It’s a story about bodies. It’s about two women whose bodies are changing as they play their part in God’s story – which will of course continue to be an embodied story. We might imagine Mary and Elizabeth as they meet, laughing as they greet each other, hugging, perhaps placing their hands on each others’ pregnant bellies.
It’s an intimate story within the huge and cosmic story of God coming to earth, A story of encounter, of touching, of kindness. This is the context in which new life is felt and blessing is pronounced.
It may be that Mary has come to seek refuge with Elizabeth. Pregnant outside of marriage was punishable by death within Jewish law. As soon as Mary arrives, Elizabeth’s baby jumps in her womb. Elizabeth smiles and proclaims ‘Blessed are you Mary. Blessed are you amongst all of us; blessed is the fruit of your womb; blessed re you for believing that this would happen.’ And Mary finds her voice too. She feels safe, understood and supported. And the words will come tumbling out: ‘My soul is bursting with the greatness of the Lord, and my whole being is thrilled with God. He’s noticed me, the lowest of them all, and I honestly believe that in future people will be call me incredibly blessed.’ We call it the Magnificat. She calls it delight.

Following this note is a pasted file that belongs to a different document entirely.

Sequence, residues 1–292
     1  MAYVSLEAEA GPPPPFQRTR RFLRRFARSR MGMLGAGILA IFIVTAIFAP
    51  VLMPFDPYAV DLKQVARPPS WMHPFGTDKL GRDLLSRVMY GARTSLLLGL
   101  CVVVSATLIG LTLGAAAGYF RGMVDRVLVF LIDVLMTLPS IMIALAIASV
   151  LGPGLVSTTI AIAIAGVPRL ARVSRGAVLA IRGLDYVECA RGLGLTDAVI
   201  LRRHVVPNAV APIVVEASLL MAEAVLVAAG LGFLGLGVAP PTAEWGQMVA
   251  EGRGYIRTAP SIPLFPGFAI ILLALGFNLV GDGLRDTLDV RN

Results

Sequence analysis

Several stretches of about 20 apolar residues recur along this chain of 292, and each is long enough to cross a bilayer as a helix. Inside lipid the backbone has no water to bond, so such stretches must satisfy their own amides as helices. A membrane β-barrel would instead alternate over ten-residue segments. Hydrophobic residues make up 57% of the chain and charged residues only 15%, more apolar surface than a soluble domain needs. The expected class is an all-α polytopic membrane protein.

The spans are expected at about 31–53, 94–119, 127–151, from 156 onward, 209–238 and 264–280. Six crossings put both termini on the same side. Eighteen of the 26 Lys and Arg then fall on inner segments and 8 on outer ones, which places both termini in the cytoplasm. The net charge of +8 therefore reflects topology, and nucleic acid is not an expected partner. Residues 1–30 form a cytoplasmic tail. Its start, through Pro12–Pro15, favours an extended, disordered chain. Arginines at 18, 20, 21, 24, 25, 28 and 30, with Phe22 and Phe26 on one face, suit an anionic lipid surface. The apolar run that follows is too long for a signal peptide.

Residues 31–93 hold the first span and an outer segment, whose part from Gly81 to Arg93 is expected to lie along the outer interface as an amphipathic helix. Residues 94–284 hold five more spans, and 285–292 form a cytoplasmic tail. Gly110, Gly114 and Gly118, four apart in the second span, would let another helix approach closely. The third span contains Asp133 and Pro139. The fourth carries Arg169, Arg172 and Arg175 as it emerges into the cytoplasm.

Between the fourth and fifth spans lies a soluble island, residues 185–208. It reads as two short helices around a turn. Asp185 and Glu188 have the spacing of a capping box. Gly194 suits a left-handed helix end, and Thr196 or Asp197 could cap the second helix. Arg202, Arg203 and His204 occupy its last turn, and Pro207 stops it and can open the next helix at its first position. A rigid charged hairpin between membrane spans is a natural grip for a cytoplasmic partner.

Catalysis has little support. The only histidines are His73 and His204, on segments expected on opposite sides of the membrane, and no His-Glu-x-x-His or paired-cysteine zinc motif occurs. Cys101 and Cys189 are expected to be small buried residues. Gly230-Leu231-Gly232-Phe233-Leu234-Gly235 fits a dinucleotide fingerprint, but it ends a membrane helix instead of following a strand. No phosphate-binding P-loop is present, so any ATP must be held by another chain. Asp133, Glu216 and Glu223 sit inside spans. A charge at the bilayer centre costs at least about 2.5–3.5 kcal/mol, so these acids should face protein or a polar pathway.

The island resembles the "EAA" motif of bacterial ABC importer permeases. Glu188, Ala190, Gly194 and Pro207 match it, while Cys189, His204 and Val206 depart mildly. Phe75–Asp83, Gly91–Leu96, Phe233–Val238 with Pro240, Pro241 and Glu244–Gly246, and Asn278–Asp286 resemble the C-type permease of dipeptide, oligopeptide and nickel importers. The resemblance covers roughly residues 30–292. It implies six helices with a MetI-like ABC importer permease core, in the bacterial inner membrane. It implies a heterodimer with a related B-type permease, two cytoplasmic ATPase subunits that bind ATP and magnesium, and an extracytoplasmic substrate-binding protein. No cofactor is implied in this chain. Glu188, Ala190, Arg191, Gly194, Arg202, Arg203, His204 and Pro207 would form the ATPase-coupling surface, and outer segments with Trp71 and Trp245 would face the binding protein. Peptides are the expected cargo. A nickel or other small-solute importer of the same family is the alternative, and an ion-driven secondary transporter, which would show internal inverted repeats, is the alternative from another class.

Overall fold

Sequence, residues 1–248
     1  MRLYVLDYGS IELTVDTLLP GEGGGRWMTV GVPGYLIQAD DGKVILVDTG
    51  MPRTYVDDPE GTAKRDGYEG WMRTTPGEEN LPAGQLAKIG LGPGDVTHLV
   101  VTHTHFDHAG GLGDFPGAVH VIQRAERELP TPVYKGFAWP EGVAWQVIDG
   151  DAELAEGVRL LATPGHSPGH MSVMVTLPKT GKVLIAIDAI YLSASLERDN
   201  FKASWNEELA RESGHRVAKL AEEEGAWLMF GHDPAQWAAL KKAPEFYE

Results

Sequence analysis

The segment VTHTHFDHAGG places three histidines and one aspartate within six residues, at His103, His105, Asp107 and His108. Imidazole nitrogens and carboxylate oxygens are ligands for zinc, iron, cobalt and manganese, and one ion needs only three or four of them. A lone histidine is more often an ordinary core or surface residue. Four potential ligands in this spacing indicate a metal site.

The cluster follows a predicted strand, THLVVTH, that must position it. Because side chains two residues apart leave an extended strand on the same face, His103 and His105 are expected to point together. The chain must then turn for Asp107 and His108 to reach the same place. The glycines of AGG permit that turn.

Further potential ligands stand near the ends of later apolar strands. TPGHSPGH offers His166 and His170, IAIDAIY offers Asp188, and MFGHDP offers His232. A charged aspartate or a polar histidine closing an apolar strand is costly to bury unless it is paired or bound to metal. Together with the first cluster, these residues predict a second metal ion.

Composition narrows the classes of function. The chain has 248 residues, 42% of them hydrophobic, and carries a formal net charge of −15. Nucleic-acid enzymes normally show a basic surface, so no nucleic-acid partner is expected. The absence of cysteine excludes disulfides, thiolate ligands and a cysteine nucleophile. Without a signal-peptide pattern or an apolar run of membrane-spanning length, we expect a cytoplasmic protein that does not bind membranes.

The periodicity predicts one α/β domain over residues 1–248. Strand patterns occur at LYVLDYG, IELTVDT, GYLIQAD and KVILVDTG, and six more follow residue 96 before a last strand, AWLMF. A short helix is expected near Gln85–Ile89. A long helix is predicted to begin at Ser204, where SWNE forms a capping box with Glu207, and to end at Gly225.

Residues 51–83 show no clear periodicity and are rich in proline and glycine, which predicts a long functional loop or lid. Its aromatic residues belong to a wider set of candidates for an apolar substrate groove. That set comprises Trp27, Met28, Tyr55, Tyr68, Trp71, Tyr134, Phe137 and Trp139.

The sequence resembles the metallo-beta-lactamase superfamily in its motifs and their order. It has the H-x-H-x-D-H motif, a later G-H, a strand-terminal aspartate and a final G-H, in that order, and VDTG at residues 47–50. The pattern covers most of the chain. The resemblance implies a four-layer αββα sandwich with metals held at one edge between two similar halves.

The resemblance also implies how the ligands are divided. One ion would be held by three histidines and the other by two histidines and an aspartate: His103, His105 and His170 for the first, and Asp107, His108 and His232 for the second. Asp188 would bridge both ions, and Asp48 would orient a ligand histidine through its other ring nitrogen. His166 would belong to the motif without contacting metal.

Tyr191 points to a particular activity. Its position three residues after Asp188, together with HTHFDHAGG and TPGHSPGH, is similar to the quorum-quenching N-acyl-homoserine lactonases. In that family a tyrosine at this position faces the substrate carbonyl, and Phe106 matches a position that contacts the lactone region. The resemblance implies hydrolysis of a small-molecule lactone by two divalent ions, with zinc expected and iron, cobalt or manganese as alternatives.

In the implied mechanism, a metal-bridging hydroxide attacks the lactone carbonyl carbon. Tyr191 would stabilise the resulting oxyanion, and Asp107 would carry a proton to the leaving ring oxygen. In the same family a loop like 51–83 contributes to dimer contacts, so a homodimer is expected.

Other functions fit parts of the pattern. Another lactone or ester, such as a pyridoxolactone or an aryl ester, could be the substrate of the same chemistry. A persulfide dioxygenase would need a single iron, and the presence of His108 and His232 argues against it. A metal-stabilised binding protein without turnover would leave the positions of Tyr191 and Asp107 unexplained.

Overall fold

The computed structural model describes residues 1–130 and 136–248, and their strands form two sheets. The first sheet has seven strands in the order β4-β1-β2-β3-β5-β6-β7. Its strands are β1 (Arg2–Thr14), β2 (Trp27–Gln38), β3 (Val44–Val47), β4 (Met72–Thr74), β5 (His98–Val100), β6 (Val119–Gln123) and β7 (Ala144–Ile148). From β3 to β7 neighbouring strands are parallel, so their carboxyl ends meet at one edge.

Two women are responding from the bottom of their hearts to the greatness and goodness of God, despite the strange and frightening circumstances they find themselves in. Two women whose who beings leap for joy as they recognise the presence of God with them.